We got one ounce from the 115 buckets on country rock and another one half from the 140 buckets of supposed kettle gravels. Seeing as this one half ounce is at the top layer and weakest part of a pay channel this holds great hope to us. Could this be another big strike? Will, Jacob, and me worked hard digging the top of the kettle today. We found the digging not too bad and there is enough room for two of us to dig at once. We alternate the work with the third person carrying the buckets out to the truck. We are able to walk the buckets out at this depth. When we come up out of the kettle we are in the bottom of the trench. Then we walk our ramp out to the surface. We kept John busy today as we removed 220 buckets. I don't know what is harder work, digging or carrying two full buckets to the surface. John has become quite proficient at washing gravels and at panning as well. He is now a first rate miner for sure. We all earned a good supper tonight and made a good dinner of hash and hot water corn bread. John said he was seeing good color in the heavies so tomorrow's weigh is holding some promise. My whiskey is a comfort to me and eases the tiredness of my body and helps me sleep. Jacob and Will are not big users of spirits but will toast with John and me most evenings.

TO BE CONTINUED .........................
JUNE 17 1936

Another ounce in our till from yesterday's haul. We are all working our system now like a well oiled machine. The days are long and hot and it seems I never can have too much water. The kettle is now dug several feet below country level and we move the gravels at a steady pace with little talk between us except for the occasional grunt or curse word. The crew is able to work long days with good light. The creek has slowed quite a bit but we have not needed the pump yet. At the level we are working the rock is small and being the size of a baseball mixed with smaller stone and gravel. We have not needed the bars yet. I have become accustomed to the work although I look forward to a long rest at the end of our season. We all pushed hard towards the day's end delivering 260 buckets to the tom. Will will need to help John finish up the weigh tomorrow morning as we kept him under heavy load. There have been no new prospectors hiking up the creek. Perhaps the word is out that there is a good crew working the best ground and with desperados roaming the mountain coming out this way is not safe.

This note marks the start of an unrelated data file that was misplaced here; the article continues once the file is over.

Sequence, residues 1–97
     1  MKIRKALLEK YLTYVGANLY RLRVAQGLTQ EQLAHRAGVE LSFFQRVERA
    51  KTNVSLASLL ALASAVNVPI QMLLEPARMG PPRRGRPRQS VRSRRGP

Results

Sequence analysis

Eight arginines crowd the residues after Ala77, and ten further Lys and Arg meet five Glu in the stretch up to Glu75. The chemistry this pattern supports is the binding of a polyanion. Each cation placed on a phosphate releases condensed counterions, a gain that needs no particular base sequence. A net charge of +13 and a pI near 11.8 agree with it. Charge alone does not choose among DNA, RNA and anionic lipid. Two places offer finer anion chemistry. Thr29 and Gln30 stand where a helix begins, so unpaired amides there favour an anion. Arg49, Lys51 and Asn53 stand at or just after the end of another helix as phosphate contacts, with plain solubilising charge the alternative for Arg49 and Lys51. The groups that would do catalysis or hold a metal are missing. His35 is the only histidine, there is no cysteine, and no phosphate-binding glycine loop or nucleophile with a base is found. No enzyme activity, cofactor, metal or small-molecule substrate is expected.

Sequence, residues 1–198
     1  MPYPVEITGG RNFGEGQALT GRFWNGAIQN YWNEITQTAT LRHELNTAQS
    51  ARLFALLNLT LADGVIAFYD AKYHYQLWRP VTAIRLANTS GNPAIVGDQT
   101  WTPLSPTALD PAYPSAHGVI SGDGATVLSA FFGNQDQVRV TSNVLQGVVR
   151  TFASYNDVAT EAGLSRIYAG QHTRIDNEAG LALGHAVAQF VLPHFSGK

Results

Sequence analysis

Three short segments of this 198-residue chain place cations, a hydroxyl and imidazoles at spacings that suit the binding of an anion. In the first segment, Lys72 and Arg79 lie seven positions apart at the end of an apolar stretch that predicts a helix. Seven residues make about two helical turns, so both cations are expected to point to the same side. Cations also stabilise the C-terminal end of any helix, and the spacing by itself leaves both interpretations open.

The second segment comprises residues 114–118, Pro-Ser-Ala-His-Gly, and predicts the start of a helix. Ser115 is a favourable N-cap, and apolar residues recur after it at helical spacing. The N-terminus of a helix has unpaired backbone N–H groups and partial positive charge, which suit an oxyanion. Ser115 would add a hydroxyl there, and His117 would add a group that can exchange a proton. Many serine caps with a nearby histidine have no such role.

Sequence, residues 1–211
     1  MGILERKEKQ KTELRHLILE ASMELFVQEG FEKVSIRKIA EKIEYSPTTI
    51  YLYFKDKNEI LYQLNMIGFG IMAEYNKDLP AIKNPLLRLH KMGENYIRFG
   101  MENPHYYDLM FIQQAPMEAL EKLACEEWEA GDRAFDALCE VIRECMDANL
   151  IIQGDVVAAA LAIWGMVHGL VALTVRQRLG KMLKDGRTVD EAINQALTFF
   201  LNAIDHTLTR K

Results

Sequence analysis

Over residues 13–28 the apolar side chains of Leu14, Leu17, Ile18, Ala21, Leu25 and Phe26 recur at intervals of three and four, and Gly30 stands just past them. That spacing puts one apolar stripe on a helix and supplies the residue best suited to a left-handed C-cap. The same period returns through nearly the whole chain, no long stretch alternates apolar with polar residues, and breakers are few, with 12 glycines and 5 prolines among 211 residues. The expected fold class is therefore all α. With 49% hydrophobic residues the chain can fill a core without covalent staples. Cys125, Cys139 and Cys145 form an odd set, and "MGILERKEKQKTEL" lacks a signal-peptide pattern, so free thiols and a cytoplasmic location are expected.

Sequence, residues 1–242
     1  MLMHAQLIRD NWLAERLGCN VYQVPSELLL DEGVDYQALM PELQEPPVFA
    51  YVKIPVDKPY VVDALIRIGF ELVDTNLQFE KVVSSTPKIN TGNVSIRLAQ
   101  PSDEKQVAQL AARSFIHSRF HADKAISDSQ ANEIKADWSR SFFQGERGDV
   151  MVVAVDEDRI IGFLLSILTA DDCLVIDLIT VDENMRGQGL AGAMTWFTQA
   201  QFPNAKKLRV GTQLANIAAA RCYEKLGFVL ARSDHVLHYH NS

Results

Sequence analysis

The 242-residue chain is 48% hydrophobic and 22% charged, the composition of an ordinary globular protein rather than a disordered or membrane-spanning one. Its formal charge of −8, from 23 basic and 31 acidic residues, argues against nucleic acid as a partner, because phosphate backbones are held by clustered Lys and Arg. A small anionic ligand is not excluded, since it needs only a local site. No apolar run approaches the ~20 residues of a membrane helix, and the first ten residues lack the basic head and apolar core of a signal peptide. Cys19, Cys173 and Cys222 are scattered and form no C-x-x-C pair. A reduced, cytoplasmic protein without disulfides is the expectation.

TO BE CONTINUED ..........
JUNE 18 1936

We are all happy miners. We took three ounces from what I now am fairly certain is another kettle. I don't think we have even scratched the surface. This one appears to be much larger than the first but we still have no knowledge of its depth. Only God knows what may lie at the bottom. Jacob and Will are developing the fever and now rival John in this regard. I am doing my best to keep everyone focused on the job at hand and telling them we don't know how much gold we will get and keep our expectations realistic. I fear it is falling on deaf ears as the talk in camp is of buying all kinds of things with the gold. All I can do is keep them all working towards our goal of getting it all before the season ends while staying safe.
If anything, this gold is acting as fuel for the crew. I tell everyone to work at a steady pace and don't burn out. The days now are over 90 degrees every day but at night it drops sharply at sunset and gets cold. The air is very dry and we all drink lots of water all through the day. We haven't seen rain for two weeks. Gravels are still fairly easy and the buckets are flying out of the dig. We took 290 out today and are exhausted. We should all sleep good tonight. I am drinking whiskey with John and dreaming of home.

TO BE CONTINUED ...................
No offense meant by leaving but the forum here is low view & little to no interaction to have the journal posted. Just not a good fit. Cheers.